Limbless Reptile Gets Cold Feet

Yesterday I went to the library to do some work. I thought it might be a nice and free alternative to paying $5 for a cup of mud-like filter coffee and 2 hours at a table. I set up my laptop at a nice spot near the window and was just about to get down to work when I noticed a sign:

  • No Mobile Phones
  • No Food and Drink
  • No Portable Electronic Games
  • No Calculators
  • No Office Equipment
Always anxious to make a positive impression to locals of foreign residents in Japan, I thought I better check with the librarian to make sure that “Office Equipment” did not include laptop computers. Surely it wouldn’t. After all, what serious student nowadays studies without the aid of a laptop or iPad or something? That sign must be there to prevent people from bringing in their own fax machines and making atonal sounds at the nice table near the window.
Me: “I’ve brought my laptop from home. It’s ok to use it in the library isn’t it.”
Librarian: “I’m terribly sorry.”
Me: “You mean it’s forbidden? Really?”
Librarian: “I’m terribly sorry”; now looking ashamed of this meaningless rule.
Librarian returns to typing on her Office Equipment.
No wonder the library is empty! They turn away anyone who doesn’t think it’s 1975. Dejected, I got on my bike (literally and metaphorically) and followed the footpath along the river until I saw this.
snake out of the grass
I stopped to take a photo on my phone and these two middle-aged ladies (who I’d just overtaken) walked past and straight towards the snake. They were moving so confidently that I thought they must’ve seen it… after all, it was right in the middle of the path – how could one miss it?
“That’s unusual”, I said.
“What is?”
“Seeing a snake, here, in October.”
“Snake? “
They froze for a second or two, quietly freaking out. A little knowledge is dangerous: they now knew only that a snake was somewhere nearby without the vitally important data of its exact location. I watched them closely and I could pinpoint the exact instant that their eyes had locked onto it.
A few seconds later I looked back over my shoulder to about 5 meters behind me, where the two middle-aged ladies now stood.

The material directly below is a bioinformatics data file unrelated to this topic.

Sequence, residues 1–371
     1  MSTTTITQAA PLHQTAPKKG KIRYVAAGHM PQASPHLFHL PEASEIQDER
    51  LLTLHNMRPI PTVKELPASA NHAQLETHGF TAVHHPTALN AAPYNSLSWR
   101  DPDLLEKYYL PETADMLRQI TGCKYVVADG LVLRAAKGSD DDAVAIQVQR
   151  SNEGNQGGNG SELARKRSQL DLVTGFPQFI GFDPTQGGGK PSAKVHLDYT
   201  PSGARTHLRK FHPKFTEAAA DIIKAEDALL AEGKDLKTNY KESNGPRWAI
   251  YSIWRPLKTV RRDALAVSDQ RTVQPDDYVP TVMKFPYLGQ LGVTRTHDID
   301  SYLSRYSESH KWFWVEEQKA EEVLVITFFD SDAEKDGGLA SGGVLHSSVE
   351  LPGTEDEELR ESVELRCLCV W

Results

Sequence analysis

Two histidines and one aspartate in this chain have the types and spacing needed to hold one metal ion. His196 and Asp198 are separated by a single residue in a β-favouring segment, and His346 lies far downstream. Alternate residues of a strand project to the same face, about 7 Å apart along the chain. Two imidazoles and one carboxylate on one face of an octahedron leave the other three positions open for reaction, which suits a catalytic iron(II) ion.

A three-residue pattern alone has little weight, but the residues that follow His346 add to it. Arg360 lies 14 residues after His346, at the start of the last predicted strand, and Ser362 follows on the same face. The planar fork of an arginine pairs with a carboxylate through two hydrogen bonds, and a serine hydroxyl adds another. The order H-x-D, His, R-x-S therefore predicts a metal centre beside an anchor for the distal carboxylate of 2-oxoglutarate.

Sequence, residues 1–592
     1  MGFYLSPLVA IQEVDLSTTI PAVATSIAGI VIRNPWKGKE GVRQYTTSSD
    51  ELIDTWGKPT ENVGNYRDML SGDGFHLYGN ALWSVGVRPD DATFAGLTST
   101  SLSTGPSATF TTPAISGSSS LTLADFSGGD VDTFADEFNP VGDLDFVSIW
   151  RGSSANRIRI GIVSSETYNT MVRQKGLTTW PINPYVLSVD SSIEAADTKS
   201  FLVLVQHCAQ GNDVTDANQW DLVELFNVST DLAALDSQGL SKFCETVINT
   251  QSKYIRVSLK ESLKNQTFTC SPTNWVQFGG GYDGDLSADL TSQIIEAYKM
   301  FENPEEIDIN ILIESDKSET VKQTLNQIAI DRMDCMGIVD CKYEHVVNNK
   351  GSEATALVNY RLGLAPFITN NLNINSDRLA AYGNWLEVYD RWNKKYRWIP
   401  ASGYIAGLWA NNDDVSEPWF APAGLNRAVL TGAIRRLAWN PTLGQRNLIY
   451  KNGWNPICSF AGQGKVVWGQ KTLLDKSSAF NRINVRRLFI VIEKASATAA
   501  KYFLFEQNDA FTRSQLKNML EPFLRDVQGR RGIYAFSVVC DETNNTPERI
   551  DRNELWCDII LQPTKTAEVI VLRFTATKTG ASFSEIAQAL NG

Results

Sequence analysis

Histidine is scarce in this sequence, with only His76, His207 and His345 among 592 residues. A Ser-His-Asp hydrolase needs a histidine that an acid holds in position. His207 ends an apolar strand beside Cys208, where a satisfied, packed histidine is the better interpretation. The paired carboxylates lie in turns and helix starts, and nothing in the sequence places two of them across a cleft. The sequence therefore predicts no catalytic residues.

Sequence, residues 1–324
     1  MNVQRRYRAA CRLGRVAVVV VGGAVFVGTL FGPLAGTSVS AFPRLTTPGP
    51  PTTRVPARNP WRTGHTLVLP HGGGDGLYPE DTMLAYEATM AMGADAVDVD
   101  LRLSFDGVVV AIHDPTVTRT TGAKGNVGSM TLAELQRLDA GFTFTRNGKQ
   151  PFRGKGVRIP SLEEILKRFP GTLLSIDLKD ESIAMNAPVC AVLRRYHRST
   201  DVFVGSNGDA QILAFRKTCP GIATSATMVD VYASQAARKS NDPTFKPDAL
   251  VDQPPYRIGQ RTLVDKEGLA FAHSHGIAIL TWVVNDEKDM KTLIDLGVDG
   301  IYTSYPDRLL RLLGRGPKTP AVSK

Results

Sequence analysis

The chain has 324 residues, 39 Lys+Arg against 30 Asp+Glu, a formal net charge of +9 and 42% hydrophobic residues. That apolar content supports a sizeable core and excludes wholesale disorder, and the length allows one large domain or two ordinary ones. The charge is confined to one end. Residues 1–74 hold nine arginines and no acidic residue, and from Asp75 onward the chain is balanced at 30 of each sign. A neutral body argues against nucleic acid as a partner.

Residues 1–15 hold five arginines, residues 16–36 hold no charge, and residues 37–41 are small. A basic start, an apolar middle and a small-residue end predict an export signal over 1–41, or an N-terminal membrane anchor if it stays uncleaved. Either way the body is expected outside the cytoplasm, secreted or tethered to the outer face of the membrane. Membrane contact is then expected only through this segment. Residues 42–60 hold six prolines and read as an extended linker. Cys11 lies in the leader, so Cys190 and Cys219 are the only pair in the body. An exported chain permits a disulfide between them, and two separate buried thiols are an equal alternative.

“Do you think it’s poisonous?”, I asked.
“No. But I hate snakes!”, one of the ladies replied.
“I’ve lived here all my life and this is the first time I’ve seen one.”
We watched the snake, apparently now having gotten cold feet, slowly disappear into the adjacent playground.

FREE as in Beer-Free

Real or Fake Beer?

In Japan, what is the most popular method of transferring alcohol from a libation into the bloodstream? Saké perhaps? Suntory Whiskey? Shōchū – a spirit distilled from rice, sweet potato, sugar or other core ingredient? Nope… the residents of Japan like to drink good traditional German-style beer, of course. But what exactly is the Japanese definition of beer? Let’s compare the two drinks above.

We’ll start with the obvious things. The size: one is 500ml, the other only 350. They both appear to contain beer; the words “smooth” and “refreshing” appear in English on both cans. They both have an alcohol content of 5%, as is standard for Japanese beers. The one on the left was made in Korea, the one on the right is from Japan. The large one cost about 280yen, the smaller one, just 88 yen! (If we adjust for volume, those figures work out at 196 yen and 88 yen.) The important difference between these two products is that only one of them is actually beer.

The answer is found in the fine print at the bottom of the can. The cheap one is classified as “Fizzy Liquor” (リキュール発泡性). The expensive one is “Draft Beer” (生ビール) . The difference in price is largely down to how the two drinks are taxed.

Bizarrely, Japanese beer is taxed on its malt content. The “Fizzy Liquor” drink is an artificially carbonated unmalted “beer” crossed with barley spirits. It is in essence a beer-flavoured cocktail, but in a blind taste test most people wouldn’t be able to tell that it isn’t beer. As the economy continues to decline, low-malt and no-malt “beers” continue to gain in popularity.

What I like about this particular farce is its demonstration of Japan’s affinity with laws that only have  face value. Another classic example of this is gambling. Gambling is illegal under Chapter 23 of the Penal Code. But pachinko (a pinball-like game with potential winnings) is a $300 billion industry and there are pachinko parlours in every corner of this country. Pachinko skirts the law by officially only offering players the chance to win, say, a cheap plastic pen, which is then exchanged at an “unrelated” exchange booth off-site for, say, $10,000! The outcome: Japan can take the moral high ground on gambling. Pachinko operators can rake in their profits. Individuals can do whatever they want. It’s win-win all around…. except for the addicted.